Once upon a time, in a political landscape far, far away, a fascist buffoon said, “Democracy is beautiful in theory; in practice, it is a fallacy. You in America will see that someday.”
The buffoon’s name was Benito Mussolini.
Now, as Trump appoints his cabinet of ultra-right-wing ‘deplorables’, thugs are emerging from their enclaves to openly commit despicable acts of racism, anti-Semitism, Islamophobia and homophobia because, in their own view at any rate, the election result has given them permission to do so. Just like President-elect Donald Trump has a beautiful plan for the United States, Mussolini had a beautiful plan for Italy. One can only wonder if Trump has decided that he can succeed where Mussolini failed. If that seems far-fetched then consider the similarities in their leadership journeys and then decide for yourself.
Originally more left leaning than right, Mussolini was an advocate of the class struggle and a rejector of nationalism and imperialism. No lover of the Catholic Church in his earlier career, he tactically embarked on a marriage of convenience with the Vatican after taking power, and subsequently introduced measures against artificial contraception, abortion, and homosexual acts among adult men. Likewise, Trump was, in a past life, pro-gun control, pro-choice and a Democrat to boot. Might his pre-election bluff about protecting the Second Amendment have simply been a ruse to convince those baseball cap wearing, saluting, slogan shouting supporters of his conservative credentials?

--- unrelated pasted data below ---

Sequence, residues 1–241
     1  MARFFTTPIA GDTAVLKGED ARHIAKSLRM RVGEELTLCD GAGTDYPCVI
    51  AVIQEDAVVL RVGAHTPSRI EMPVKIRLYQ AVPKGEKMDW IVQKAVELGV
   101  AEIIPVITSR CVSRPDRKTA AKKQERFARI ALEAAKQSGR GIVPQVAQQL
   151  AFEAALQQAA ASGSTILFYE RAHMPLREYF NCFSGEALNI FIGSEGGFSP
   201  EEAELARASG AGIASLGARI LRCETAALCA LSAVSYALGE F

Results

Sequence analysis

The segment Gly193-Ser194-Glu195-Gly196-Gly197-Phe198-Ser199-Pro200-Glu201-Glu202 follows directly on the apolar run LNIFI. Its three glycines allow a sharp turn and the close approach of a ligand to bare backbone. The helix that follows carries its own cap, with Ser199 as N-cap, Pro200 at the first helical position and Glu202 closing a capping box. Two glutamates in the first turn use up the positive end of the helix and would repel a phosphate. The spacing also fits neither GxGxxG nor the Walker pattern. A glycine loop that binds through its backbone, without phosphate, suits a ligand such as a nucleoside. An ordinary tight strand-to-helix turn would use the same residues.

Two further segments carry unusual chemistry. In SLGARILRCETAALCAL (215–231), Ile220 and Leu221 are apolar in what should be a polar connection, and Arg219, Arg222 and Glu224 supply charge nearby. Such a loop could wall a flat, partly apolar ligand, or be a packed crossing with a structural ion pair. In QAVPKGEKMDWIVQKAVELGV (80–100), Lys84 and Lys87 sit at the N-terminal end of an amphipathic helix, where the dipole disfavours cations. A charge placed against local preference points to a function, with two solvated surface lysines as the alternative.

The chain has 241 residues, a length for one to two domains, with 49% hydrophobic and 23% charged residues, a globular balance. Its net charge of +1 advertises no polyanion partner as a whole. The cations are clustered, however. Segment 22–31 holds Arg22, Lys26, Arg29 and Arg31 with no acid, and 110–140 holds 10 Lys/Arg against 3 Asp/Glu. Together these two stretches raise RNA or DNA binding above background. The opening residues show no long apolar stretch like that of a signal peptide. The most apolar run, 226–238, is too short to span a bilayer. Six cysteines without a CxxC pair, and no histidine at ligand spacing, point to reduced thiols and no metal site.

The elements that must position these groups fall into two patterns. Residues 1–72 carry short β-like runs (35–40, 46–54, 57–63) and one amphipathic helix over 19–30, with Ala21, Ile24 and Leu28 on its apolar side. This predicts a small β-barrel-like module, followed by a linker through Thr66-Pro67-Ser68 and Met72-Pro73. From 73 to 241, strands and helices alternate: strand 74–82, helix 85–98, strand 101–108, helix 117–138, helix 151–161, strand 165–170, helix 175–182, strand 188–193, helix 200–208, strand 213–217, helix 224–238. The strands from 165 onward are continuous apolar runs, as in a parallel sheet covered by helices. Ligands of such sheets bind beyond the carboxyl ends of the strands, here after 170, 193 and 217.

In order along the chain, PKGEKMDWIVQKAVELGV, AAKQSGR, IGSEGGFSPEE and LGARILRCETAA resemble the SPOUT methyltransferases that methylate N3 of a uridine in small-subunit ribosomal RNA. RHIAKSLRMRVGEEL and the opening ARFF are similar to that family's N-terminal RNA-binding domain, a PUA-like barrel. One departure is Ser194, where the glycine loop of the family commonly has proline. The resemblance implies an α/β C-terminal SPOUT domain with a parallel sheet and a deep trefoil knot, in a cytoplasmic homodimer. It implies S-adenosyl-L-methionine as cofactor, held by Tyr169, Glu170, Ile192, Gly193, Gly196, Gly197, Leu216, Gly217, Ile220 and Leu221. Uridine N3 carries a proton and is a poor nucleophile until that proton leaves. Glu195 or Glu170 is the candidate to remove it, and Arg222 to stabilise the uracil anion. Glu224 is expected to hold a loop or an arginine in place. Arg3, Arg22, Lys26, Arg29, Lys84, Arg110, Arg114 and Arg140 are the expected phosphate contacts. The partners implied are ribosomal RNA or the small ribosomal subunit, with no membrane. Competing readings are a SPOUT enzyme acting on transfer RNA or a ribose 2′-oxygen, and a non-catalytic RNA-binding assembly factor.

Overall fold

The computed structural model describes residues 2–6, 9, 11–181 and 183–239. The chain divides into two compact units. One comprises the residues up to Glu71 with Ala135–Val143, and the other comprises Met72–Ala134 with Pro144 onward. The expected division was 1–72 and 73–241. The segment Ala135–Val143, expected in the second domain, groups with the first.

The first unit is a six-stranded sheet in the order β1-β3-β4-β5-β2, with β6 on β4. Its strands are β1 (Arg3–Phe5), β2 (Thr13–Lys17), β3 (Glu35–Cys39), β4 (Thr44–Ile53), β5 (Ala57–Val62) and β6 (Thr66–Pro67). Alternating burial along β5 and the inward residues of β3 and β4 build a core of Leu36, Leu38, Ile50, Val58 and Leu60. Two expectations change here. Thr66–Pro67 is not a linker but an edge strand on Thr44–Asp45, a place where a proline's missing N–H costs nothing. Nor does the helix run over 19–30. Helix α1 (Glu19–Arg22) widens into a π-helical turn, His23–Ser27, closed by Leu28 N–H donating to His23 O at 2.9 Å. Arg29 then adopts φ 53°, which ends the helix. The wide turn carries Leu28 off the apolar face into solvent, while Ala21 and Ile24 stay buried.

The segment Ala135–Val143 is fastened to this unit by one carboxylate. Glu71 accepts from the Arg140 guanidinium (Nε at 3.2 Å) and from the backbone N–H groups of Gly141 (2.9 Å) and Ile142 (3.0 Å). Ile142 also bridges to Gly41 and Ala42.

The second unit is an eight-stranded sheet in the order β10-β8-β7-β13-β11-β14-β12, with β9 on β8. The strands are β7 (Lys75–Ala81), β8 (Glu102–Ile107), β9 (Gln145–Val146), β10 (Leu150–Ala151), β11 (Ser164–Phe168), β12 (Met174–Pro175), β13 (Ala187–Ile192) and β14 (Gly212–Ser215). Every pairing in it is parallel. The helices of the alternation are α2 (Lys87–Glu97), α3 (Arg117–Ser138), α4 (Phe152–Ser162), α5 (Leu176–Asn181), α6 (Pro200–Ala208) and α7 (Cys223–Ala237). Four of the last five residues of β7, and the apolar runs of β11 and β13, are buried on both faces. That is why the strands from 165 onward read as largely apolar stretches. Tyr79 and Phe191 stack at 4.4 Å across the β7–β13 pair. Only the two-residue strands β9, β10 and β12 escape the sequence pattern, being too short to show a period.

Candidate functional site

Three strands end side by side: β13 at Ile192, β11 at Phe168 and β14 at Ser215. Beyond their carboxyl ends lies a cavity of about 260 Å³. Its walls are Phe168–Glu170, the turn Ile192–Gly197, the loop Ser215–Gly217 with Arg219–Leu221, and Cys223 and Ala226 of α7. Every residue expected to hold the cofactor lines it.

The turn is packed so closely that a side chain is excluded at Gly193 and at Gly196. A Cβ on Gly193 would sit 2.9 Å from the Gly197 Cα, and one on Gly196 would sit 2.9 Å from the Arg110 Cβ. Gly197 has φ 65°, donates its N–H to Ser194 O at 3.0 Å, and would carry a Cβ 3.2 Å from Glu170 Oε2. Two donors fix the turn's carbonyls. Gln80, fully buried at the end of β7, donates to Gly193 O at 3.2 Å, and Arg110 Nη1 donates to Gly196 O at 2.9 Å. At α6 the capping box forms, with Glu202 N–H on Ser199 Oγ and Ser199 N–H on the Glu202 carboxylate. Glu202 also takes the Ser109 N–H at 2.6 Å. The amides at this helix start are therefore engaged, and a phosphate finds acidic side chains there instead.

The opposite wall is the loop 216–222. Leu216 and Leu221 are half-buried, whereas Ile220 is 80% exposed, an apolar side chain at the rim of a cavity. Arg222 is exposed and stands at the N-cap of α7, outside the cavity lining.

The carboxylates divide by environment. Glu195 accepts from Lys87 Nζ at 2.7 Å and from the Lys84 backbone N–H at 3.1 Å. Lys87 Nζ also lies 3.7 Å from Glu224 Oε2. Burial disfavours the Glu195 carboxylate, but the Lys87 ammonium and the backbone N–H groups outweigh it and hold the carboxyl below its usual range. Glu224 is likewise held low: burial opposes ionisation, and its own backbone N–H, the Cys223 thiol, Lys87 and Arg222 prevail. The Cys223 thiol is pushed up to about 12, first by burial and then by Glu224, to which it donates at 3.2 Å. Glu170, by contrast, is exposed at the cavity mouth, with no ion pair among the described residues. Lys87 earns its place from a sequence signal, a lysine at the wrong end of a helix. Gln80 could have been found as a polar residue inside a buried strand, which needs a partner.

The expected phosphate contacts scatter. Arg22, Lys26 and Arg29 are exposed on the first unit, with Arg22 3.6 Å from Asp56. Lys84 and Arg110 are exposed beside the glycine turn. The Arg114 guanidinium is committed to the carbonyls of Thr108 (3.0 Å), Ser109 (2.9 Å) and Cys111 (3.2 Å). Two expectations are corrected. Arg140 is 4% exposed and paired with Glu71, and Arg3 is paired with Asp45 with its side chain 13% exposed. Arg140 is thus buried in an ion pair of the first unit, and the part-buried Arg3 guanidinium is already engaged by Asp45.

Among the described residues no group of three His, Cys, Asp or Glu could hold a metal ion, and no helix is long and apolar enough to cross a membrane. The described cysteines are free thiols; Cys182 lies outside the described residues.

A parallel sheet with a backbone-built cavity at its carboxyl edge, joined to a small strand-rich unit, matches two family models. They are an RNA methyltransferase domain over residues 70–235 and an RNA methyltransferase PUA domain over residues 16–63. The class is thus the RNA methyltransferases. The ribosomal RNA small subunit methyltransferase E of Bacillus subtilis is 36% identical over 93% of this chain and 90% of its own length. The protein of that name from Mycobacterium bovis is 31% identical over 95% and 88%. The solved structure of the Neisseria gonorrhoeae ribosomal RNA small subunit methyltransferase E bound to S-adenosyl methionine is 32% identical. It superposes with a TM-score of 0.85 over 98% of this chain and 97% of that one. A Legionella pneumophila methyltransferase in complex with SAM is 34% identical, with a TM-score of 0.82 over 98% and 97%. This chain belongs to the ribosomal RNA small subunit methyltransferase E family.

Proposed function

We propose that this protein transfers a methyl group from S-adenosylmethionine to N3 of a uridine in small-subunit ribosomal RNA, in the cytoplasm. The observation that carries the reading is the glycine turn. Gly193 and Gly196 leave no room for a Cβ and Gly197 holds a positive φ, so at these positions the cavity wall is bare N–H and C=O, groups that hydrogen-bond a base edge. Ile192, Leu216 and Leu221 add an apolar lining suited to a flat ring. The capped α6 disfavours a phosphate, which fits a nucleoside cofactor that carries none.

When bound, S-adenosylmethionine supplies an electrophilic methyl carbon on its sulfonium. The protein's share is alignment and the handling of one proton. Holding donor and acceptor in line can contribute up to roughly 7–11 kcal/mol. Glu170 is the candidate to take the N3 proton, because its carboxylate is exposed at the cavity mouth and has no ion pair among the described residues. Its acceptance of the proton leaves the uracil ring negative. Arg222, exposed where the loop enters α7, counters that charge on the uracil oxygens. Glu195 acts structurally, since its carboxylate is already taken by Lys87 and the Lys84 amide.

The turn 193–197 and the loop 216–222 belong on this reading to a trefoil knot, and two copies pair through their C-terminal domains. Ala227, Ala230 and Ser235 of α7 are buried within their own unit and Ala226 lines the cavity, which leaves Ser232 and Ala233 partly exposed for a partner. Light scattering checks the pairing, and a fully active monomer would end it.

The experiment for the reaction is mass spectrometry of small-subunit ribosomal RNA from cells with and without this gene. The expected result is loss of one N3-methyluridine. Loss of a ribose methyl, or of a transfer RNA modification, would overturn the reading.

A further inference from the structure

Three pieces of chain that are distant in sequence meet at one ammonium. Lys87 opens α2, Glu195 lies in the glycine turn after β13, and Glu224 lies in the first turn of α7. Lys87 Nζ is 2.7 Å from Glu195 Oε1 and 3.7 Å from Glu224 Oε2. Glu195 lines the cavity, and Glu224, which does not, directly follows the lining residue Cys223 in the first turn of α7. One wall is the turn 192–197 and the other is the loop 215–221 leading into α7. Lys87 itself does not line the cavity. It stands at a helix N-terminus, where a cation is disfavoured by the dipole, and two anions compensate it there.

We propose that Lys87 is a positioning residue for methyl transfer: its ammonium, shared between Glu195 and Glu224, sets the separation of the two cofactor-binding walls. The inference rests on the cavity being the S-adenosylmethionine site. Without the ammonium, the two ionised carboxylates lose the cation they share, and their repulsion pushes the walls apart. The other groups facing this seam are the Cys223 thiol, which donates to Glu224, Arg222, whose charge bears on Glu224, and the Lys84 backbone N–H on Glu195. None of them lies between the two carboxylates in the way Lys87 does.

Trump’s stance on abortion has evolved over time from pro-choice to saying on the campaign trail that there should be “some sort of punishment” for women who have abortions. He went from being a registered Republican to being a registered Democrat in 2001, even donating money to such Democratic notables as Ted Kennedy and John Kerry, but returned his allegiance to the GOP in 2009. But back to Italy for a moment.
As unemployment and inflation soared, Mussolini’s message seemed attractive to a cross-section of society thoroughly disillusioned with the existing establishment. Urban and rural working classes who feared becoming modern day sans-culottes; industrialists threatened by the impact of union activity on productivity and profits; artisans threatened by the march of industrialization; fiercely patriotic World War l veterans who were unhappy with the peace settlements and who wanted to build up the military. And then there was always the kind of people who wanted to restore ‘law and order’, rid society of ‘undesirables’ and return to a delusional time of ‘greatness’. The most interesting group of disaffected though, were the lower middle class fearful of becoming working class. Nothing like a touch of ‘status anxiety’ then, to goad you into action.